Despite laws, sales of HGH are booming
A federal crackdown on illicit foreign supplies of human growth hormone has failed to stop rampant misuse, and instead has driven record sales of the drug by some of the world's biggest pharmaceutical companies, an Associated Press investigation shows.
The crackdown, which began in 2006, reduced the illegal flow of unregulated supplies from China, India and Mexico.
But since then, Big Pharma has been satisfying the steady desires of U.S. users and abusers, including many who take the drug in the false hope of delaying the effects of aging.
Peddled as an elixir of life capable of turning middle-aged bodies into lean machines, HGH — a synthesized form of the growth hormone made naturally by the human pituitary gland — winds up in the eager hands of affluent, aging users who hope to slow or even reverse the aging process.
Experts say these folks don't need the drug, and may be harmed by it. The supposed fountain-of-youth medicine can cause enlargement of breast tissue, carpal tunnel syndrome and swelling of hands and feet. Ironically, it also can contribute to aging ailments like heart disease and Type 2 diabetes.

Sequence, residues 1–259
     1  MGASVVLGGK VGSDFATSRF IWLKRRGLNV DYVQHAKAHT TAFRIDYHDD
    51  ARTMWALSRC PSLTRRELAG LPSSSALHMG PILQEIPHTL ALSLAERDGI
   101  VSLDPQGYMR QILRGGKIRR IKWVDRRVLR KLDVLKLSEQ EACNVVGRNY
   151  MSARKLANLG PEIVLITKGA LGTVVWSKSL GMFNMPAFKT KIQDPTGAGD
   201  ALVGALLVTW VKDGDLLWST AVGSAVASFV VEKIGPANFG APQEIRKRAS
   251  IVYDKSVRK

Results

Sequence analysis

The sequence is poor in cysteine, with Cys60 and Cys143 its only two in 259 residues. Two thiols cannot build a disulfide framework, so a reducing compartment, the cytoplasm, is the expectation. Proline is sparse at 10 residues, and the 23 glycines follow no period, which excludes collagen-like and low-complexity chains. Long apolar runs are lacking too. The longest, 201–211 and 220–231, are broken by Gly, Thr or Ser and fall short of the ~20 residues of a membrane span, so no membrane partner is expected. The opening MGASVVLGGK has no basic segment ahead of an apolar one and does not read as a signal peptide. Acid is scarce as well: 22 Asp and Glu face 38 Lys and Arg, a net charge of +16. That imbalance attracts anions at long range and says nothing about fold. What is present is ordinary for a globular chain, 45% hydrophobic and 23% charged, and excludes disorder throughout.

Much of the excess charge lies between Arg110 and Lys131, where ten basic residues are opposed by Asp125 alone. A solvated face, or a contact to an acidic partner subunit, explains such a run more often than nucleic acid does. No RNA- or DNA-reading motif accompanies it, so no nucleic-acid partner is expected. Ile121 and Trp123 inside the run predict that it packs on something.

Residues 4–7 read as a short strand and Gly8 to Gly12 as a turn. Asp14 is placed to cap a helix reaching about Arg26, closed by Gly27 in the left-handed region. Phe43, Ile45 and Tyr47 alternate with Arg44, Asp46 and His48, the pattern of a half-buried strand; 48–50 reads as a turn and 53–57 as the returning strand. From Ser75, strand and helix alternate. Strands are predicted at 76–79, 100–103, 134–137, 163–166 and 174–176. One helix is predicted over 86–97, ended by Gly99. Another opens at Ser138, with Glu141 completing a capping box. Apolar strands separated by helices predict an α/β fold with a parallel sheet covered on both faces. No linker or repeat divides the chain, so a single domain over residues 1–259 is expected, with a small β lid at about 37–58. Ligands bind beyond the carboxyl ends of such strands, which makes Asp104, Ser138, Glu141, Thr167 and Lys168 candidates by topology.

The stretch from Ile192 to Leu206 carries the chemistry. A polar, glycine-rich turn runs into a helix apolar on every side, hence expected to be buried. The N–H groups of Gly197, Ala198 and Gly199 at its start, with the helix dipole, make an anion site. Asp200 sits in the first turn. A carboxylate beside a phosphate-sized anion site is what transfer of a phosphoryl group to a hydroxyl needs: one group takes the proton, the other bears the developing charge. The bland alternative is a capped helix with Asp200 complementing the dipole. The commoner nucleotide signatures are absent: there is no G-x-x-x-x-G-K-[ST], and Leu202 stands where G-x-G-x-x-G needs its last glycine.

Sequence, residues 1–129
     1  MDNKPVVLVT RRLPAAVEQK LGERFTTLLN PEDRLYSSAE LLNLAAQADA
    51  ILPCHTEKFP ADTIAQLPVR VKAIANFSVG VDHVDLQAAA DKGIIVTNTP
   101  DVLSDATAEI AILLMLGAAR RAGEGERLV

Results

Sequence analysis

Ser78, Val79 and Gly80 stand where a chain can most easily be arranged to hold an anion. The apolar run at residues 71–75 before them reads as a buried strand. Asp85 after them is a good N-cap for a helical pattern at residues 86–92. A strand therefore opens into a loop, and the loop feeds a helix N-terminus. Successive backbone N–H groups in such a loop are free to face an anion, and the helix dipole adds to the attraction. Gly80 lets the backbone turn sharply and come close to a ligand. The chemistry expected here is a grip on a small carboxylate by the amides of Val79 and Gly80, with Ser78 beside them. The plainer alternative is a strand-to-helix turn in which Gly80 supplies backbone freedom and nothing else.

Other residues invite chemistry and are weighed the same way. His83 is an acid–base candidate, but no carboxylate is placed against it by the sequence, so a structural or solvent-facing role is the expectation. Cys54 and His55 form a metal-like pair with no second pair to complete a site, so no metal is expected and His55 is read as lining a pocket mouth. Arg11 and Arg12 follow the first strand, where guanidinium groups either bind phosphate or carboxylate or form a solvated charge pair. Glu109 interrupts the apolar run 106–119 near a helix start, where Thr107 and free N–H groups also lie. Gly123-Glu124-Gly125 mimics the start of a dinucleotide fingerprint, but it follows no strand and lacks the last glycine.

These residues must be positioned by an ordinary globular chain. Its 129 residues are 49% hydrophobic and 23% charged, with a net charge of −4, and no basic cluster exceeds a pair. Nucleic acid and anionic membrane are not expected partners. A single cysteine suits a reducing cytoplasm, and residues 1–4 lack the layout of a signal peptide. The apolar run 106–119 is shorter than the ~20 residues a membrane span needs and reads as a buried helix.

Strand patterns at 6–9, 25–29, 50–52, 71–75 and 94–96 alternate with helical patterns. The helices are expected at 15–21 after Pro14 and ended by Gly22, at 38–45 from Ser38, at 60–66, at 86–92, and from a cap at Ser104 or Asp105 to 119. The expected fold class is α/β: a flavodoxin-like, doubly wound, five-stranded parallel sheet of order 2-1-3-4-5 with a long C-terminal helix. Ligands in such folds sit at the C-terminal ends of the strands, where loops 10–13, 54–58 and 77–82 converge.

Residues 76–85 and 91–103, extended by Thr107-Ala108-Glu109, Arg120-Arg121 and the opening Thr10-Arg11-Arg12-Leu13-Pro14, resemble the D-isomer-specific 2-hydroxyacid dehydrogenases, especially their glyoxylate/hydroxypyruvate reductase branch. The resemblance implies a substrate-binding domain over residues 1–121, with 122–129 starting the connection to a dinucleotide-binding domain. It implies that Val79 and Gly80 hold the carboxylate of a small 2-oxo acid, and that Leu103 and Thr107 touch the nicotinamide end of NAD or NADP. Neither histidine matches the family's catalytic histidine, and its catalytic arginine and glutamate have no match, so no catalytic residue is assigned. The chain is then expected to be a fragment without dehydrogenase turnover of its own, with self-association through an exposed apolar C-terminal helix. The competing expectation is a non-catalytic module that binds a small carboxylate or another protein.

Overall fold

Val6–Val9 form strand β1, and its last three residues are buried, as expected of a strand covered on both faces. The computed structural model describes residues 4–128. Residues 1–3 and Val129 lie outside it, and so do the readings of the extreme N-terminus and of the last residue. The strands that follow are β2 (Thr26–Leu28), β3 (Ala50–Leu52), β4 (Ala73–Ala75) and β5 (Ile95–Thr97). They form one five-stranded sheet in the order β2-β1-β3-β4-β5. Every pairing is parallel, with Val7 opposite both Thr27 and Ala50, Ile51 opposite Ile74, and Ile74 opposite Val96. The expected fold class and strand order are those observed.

Endocrinologists estimate there are fewer than 45,000 U.S. patients who might legitimately take HGH. They would be expected to use roughly 180,000 prescriptions or refills each year, given that typical patients get three months' worth of HGH at a time, according to doctors and distributors.
Yet U.S. pharmacies last year supplied almost twice that much HGH — 340,000 orders — according to AP's analysis of IMS Health data.
First marketed in 1985 for children with stunted growth, HGH soon was misappropriated by adults intent on exploiting its modest muscle- and bone-building qualities. Congress limited HGH distribution to the handful of rare conditions in an extraordinary 1990 law, overriding the generally unrestricted right of doctors to prescribe medicines as they see fit.
Despite the law, illicit HGH spread around the sports world in the 1990s, making deep inroads into bodybuilding, college athletics, and professional leagues from baseball to cycling. The even larger banned market among older adults has flourished more recently.
FDA regulations ban the sale of HGH as an anti-aging drug. In fact, since 1990, prescribing it for things like weight loss and strength conditioning has been punishable by 5 to 10 years in prison.
“It's an easy ruse. People equate hormones with youth,” said Dr. Tom Perls, who does aging research at Boston University. “It's a marketing dream come true.”